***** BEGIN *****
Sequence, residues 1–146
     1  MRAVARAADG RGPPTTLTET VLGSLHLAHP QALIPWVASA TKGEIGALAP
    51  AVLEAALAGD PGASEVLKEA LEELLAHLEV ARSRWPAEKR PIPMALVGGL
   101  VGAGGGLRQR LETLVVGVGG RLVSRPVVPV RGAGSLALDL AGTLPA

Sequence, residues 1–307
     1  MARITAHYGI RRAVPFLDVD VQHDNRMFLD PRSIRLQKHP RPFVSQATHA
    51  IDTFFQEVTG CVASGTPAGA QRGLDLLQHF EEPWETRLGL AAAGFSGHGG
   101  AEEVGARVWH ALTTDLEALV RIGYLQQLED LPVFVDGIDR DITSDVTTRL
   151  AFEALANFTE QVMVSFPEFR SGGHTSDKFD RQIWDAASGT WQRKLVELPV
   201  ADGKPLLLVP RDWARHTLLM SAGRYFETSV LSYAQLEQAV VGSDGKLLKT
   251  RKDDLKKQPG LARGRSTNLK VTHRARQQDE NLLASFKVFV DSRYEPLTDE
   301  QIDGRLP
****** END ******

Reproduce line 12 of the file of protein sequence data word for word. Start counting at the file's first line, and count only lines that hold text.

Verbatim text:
   301  QIDGRLP